Life Course Theory

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Life Course Theory: Role it plays in Relation between health and social causation
Life Course Approach to an individual’s development began in the twentieth century, and was a full-fledged theory by the 1990’s. Giele and Elder define a life course as “a sequence of socially defined events and roles that the individual enacts over time” (qtd. in “Life Course Theory”). The discipline involves studying the development of individual development holistically, and as a part of socio-historical, geographical, biological and other contexts.

Life Course theory plays a key role in studying the relation between health and social causation. Such an approach involves studying the health of individuals or groups of individuals, not solely from a biological and medical approach, but within socio-cultural and economic contexts as well. Thus, it would involve trying to understand how factors like an individual’s economic status or his experience of an event significant to his place or to a group of people he belongs to, have an effect on his health.

An example of such an approach to studying health would be the field of gerontology, which studies how people age, including not just biological changes, but also psychological and social aspects (like pension plans, life insurance, government programs, etc). (Bengston 273)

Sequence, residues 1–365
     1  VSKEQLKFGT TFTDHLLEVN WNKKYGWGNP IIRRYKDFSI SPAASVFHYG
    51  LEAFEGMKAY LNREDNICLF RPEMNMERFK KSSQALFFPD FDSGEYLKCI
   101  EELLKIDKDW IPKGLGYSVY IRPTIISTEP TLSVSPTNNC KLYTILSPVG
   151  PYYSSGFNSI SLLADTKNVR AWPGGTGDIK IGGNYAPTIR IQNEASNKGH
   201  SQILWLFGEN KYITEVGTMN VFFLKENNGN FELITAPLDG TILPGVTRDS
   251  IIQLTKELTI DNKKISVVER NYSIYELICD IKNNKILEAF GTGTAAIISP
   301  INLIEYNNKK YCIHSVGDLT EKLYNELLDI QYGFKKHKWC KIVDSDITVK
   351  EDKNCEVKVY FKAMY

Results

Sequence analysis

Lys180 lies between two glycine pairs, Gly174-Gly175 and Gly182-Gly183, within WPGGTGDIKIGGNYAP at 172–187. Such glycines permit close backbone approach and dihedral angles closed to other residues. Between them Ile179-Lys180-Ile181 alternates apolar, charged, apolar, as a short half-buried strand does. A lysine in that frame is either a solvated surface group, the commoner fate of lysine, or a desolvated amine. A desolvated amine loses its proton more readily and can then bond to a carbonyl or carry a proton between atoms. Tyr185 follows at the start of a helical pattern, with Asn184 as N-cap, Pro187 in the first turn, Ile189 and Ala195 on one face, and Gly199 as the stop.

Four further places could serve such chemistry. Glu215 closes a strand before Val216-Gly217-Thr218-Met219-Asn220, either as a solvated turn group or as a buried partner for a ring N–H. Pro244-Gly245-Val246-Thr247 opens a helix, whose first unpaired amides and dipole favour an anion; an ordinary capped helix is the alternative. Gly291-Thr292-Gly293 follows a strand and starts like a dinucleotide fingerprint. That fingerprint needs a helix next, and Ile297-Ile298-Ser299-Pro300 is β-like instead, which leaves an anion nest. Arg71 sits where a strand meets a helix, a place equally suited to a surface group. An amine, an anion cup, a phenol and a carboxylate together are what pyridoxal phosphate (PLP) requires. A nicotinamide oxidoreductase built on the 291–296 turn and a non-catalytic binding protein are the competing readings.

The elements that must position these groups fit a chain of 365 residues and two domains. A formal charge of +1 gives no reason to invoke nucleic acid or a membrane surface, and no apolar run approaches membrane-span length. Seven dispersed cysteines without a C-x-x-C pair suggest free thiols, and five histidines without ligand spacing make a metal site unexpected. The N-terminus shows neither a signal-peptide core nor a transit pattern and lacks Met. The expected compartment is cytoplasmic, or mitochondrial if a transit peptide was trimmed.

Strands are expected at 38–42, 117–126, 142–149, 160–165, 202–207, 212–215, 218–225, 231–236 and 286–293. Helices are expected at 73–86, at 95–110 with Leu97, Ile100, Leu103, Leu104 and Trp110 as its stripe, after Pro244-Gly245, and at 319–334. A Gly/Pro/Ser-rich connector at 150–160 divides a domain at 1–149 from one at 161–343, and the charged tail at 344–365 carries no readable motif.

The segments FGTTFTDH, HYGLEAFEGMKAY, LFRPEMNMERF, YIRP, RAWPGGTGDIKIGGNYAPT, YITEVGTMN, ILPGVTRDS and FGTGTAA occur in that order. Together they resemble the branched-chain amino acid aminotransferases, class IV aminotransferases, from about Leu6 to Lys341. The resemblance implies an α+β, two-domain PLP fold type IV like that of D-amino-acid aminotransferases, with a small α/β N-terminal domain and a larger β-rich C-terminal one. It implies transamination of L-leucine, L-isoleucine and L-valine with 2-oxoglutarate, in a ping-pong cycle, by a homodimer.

Another example would be a research study by Elstad and Krokstad, which proved how the health of men aged 25-50 showed degeneration depending on the cohort they belonged to.
Studies like these thus demonstrate the important role that life course approach plays in linking health to social causation, thus enabling us to create socio-cultural and economic environments that are conducive to improved public health. Works Cited

Bengson, L.Vern, and Schaie, K.Warner. Handbook of Theories of Aging. Springer Publishing Company, 1998.
Elstad, I.John, and Krokstad, Steinar. “Abstract Social Science & Medicine Volume 57, Issue 8”. 4 March, 2003. 29...
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